One in a continuing series spotlighting real estate markets in the region's communities.   We have been down this road before, in a sense. East Nantmeal, a township of 1,858 people scattered over 16.4 square miles, is lumped into the Chester Springs zip code, 19425, with fellow Chester County communities West Pikeland, Upper Uwchlan, Wallace, and West Vincent Townships. Two years ago, a visit to Chester Springs and its component parts found, as in many other areas of the Philadelphia region, a housing market on what real estate agents were calling "the comeback trail.
NEWS
August 24, 2015 | By Jan Hefler, Inquirer Staff Writer
Cameras mounted inside wildlife crossings beneath the Atlantic City Expressway a year ago have produced a few amusing images but not hard evidence of the passageway's usage. A curious but common everyday raccoon sits up on hind legs and peers into the darkness in one of seven images the state Department of Environmental Protection released this month. Then there's a beaver with a mouth full of sticks, and a young, white-tailed deer that resembles a Chihuahua as its oversize ears are illuminated by the beams of a brilliant sun. But the endangered northern pine snake and the tiny tree frogs targeted for protection have not been captured by any of the eight motion-triggered cameras inside the culverts under the highway.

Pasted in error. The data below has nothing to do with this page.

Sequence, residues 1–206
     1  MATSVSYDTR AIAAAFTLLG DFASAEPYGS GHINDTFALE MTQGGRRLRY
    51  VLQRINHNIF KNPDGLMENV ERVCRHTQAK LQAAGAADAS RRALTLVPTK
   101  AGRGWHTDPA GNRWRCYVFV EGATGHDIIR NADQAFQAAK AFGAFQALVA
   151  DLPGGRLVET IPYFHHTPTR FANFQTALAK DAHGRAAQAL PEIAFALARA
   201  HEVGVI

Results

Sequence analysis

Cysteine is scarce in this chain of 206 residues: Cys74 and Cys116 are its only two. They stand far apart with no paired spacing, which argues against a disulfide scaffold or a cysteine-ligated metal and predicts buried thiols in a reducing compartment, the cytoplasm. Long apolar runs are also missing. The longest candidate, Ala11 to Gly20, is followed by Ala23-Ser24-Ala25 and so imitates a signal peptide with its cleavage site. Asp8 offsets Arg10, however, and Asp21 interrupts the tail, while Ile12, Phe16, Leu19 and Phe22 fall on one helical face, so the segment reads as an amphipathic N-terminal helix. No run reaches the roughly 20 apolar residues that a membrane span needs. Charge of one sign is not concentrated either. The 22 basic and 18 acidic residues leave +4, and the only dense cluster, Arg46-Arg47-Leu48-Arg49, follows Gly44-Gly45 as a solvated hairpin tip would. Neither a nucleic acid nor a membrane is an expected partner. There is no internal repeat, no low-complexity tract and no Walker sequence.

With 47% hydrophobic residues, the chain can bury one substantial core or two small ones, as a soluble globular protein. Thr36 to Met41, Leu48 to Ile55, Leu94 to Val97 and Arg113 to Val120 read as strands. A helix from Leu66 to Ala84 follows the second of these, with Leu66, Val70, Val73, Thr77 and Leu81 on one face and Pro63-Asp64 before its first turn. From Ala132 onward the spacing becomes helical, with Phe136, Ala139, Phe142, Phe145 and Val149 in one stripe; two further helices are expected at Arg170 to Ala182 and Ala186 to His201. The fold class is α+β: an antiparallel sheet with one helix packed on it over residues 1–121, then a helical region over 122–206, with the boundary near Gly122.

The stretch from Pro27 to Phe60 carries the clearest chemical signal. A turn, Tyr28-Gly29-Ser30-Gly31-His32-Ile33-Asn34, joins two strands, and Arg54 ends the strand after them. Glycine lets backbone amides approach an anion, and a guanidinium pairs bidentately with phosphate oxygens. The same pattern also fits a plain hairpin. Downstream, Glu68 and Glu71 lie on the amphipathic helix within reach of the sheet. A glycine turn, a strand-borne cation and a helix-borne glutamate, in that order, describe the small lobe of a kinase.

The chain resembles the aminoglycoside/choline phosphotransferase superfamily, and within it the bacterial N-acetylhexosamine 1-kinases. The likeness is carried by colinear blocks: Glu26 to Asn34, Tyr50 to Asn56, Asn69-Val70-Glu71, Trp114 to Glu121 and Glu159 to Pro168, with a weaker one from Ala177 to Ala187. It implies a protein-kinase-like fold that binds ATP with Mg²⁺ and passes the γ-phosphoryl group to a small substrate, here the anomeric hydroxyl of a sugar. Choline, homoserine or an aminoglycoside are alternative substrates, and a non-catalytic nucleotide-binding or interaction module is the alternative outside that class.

NEWS
November 24, 2014 | By Edward Colimore, Inquirer Staff Writer
When he created a natural habitat on the acre surrounding his Cape May County home, Mike Crewe didn't know he'd be summoned to court to answer for it. His Lower Township property had become a kind of oasis amid the area's manicured lawns, a colorful meadow for monarch butterflies, native bees, and other species of wildlife. Its native grasses, seed- and berry-laden plants, and nectar-bearing flowers such as milkweed provided a feast and a rest stop. So Crewe, program director of the New Jersey Audubon Society's Cape May Bird Observatory, was disappointed by the reaction of neighbors who complained about his unmowed grounds to the municipality, which cited him for code violations last winter.